That means William Shakespeare very likely carried a sword in his daily dress. There are some records which indicate Shakespeare may have even bequeathed a sword after his death. Toby cited other early modern societal realities to indicate Shakespeare may have had a sword, citing the theater itself saying,

Shakespeare and playwrights had to be trained swordsmen, Ben Jonson killed a man in a sword duel.”

Despite the fashion of England requiring a rapier and considering rapier and dagger to be the standard method of dueling for Shakespeare's lifetime, that preference for the rapier as a weapon rapidly declined in the century following Shakespeare's death. Toby indicates that

After about 1750, the preferred weapon for private duels rapidly became the pistol and the sword became old fashioned.” 

During Shakespeare's lifetime, however, the fashion to carry a weapon did have an impact on weapons related violence in London. Toby marks that

In one year in the reign of H3 of France, eight thousand noblemen were killed in private duels in one year. That’s only the deaths, not the duels. [There was a general] expectation that personal disagreements would be solved with a violent fight.”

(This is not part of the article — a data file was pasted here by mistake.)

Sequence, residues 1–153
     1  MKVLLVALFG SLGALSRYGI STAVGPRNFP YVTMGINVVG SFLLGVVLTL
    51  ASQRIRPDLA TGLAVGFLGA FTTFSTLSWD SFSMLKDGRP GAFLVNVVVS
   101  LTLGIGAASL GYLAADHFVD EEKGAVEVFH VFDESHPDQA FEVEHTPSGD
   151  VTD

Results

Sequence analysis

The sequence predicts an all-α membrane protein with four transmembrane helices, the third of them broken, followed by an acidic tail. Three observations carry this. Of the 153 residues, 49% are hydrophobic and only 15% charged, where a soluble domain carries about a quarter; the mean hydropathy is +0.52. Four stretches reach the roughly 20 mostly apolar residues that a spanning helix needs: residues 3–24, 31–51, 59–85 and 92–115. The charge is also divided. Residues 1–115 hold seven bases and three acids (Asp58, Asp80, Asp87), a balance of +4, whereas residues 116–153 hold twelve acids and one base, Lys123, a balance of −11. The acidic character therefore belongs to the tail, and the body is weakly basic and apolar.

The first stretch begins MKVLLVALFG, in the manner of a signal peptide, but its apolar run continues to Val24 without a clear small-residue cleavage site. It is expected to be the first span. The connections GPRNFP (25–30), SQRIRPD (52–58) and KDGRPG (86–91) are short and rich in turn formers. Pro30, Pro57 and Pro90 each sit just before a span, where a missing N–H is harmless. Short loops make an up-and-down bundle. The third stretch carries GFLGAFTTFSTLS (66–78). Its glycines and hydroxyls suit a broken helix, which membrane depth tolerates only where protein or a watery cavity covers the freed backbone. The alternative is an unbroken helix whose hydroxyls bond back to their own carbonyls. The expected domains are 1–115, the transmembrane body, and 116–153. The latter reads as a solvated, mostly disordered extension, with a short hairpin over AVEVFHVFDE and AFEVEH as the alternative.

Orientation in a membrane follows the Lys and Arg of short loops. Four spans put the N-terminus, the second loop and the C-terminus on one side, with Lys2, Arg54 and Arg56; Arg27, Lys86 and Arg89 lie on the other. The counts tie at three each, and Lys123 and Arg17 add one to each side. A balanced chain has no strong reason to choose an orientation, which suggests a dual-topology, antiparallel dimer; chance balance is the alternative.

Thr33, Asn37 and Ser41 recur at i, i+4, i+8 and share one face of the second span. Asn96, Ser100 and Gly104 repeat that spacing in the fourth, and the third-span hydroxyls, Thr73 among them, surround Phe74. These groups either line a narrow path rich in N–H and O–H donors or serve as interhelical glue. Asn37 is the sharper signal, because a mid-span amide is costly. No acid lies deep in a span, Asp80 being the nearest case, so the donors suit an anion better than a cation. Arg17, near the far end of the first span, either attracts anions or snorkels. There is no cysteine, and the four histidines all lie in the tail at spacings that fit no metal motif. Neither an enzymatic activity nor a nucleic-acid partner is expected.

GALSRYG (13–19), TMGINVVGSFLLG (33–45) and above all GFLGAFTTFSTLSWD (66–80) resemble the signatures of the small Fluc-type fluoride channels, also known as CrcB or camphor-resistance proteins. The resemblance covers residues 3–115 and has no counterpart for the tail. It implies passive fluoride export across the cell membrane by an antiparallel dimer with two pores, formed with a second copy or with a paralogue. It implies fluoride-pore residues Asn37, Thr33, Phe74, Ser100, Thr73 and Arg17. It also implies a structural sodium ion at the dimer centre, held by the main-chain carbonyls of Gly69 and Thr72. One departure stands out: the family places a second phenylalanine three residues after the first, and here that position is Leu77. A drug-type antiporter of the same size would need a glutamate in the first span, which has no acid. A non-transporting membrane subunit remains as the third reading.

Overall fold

Hamlet: What's his weapon?
Osric: Rapier and dagger.

Hamlet and Orsic

Hamlet (V.2)

Demonstration of rapier and dagger style fighting from the manuals by Agrippa and Capoferro. Both of these Italian fencing masters' work were popular during Shakespeare's lifetime and influenced his staging and writing of this method of dueling. Source | More on Rapier and Dagger in Hamlet.

Italian Fencing Masters Hugely influenced Shakespeare

Saviolo is part of a fad where Italian swordsmen were influencing the practice of fencing in England, going on since 1570.

Toby explains, “Giacamo Degrassi, most influential of the Italian fencing masters of the second half of the 16t century, wrote in 1570, published in Italian, abbreviated as “the correct method of safely using the rapier…” disseminated throughout Europe, strong impact in England two decades before R&J. Existing culture. Already Italian masters teaching in London, immigrating, setting up schools in London to teach English gentlemen and noblemen the latest Italian sword fighting methods. In R&J Shakespeare is using general terms for this culture of “italians in London” and all of the responses that this stimulates. Some were very supportive, and excited to study this at all lengths, Saviolo arrives in an existing immigration